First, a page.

Want to know how it feels to see the world as a bird does? Akila Kannadasan suggests you go up the recently reopened lighthouse on the Marina
The wind slaps me with the force of the sea waves; it howls menacingly as it threatens to lift me off my feet. The view — of the waves lapping against the shore, of the hazy horizon, of men, women, and children who resemble ants on a mission, of vehicles that look like toys, of moored boats that look like slices of apple on the shore — overwhelms. People elbow each other for a better view from the narrow grilled gallery. It’s amusing to observe the expressions on their faces as they enter. An elderly man’s eyes almost pop out, a little girl shouts out ‘ayyo, sema kaathu!’, a woman grins to reveal all of her teeth, another covers her mouth in awe with her sari’s pallu…the lighthouse has truly won hearts of people young and old.
Some have been waiting outside to buy tickets much before it was opened for the afternoon — the queue almost reaches Gandhi statue! Hawkers selling groundnuts, tender coconuts and ice creams throng the queue. “Don’t give anything for less than Rs. 10,” a groundnut seller instructs another; thanks to the lighthouse, they are having a thriving business today.
James, a security guard at the gallery, is busy herding visitors. “The kalangarai vilakkam (lighthouse) has got moksham after 19 years,” he calls out over the sound of the wind. “The first time I came here, my feet and hands started shaking,” he grins. “I got used to it now.” He talks of how adults turn children when they see the view from up above. “Even elderly men and women are keen to see the lighthouse,” he says. Everyone wants to experience the feeling of being on top of the world.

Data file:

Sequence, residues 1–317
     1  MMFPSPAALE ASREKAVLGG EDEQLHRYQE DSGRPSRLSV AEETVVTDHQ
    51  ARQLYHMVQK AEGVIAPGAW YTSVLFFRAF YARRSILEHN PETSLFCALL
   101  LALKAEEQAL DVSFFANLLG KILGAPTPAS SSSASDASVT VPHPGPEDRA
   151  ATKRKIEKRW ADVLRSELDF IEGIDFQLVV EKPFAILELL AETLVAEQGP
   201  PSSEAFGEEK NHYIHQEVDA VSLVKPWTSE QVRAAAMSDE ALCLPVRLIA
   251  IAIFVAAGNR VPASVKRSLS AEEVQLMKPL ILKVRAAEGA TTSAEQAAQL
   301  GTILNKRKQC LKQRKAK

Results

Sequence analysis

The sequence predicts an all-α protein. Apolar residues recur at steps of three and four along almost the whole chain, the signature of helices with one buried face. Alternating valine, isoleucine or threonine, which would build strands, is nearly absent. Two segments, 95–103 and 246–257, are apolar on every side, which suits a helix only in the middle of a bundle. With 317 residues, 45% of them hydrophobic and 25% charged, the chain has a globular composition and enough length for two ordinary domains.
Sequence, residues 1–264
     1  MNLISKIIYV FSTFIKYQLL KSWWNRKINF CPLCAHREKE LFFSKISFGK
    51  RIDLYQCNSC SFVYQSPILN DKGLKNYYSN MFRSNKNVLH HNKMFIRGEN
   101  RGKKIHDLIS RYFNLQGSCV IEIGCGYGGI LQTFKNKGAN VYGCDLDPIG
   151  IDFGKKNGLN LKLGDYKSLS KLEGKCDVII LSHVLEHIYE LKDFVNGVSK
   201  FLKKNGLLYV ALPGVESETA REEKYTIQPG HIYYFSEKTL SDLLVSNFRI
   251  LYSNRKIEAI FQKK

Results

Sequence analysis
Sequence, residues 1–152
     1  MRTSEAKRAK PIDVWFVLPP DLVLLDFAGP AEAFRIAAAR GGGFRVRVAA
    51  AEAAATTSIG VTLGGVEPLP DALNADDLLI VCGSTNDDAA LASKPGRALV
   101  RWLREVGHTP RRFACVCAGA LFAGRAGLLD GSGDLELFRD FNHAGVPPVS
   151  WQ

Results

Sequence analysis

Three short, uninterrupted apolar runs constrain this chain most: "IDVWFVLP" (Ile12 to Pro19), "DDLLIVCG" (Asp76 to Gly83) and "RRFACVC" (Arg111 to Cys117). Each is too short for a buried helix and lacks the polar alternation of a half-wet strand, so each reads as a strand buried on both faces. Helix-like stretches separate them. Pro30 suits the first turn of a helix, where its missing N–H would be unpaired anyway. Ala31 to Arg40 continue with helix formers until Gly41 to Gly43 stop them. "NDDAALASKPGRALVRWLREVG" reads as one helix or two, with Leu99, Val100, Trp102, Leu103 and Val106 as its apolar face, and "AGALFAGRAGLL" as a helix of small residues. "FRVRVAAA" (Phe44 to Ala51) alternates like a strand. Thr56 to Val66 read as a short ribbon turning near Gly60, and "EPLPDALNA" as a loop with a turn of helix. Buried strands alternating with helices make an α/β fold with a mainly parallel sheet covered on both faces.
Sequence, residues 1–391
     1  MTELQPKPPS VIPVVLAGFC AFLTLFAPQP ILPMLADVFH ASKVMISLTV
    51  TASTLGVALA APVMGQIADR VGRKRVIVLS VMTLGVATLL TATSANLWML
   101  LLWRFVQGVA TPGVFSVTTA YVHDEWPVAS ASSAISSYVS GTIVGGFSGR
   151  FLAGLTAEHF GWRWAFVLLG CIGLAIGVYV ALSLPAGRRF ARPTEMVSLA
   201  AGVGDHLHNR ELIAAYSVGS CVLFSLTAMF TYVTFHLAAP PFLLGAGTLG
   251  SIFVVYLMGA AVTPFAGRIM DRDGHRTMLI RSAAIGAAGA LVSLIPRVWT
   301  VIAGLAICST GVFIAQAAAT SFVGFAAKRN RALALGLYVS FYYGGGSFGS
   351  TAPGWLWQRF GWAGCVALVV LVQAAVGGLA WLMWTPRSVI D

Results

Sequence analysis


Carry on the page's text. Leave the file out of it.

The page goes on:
The best thing about being on the lighthouse? The sight of the blue-grey sky kissing the sea that in turn teases the cream-coloured beach. And the feeling that you are about to sprout wings and take off into the sky any moment…
On the beach a little beyond the lighthouse, Karnan is cleaning a fishing net with his fellow fishermen. It’s the lighthouse that guides him to the shore every day. To such fishermen who do not own a GPS, the lighthouse is crucial. “From the sea, the light looks a like dull bulb that flickers. It comes and goes,” he says. Karnan has seen the tower being built from scratch — his father (late) Sundarrajan was a night watchman there when it was being constructed. (It was inaugurated in 1977). “Father sold prawns by the beach for a living. He became friends with an engineer, who was his customer,” recalls Karnan. When there was a job-opening for night watchman, Sundarrajan was selected, thanks to his engineer-friend’s recommendation. As a little boy, Karnan spent long hours observing its construction. “The lighthouse resembled a samosa when it was being built,” he remembers. As witness to it from close quarters, his father regaled him and his brothers with its developments every day. And when it rained, the brothers spent the night at the lighthouse with their father. “I once slept there for 10 nights at a stretch,” he smiles.
The lighthouse on the Marina beach will be open from 10 a.m. to 1 p.m. and 3 p.m. to 5 p.m. every day, except Mondays.
Entry tickets are priced at Rs. 10 for adults and Rs. 5 for children aged three to 12. Entry is free for children aged below three. School students over 12 years who are on field trips can get a concession of 50 per cent.
Visitors can take a lift to the ninth floor and walk up the gallery on the floor above for a view of the world below.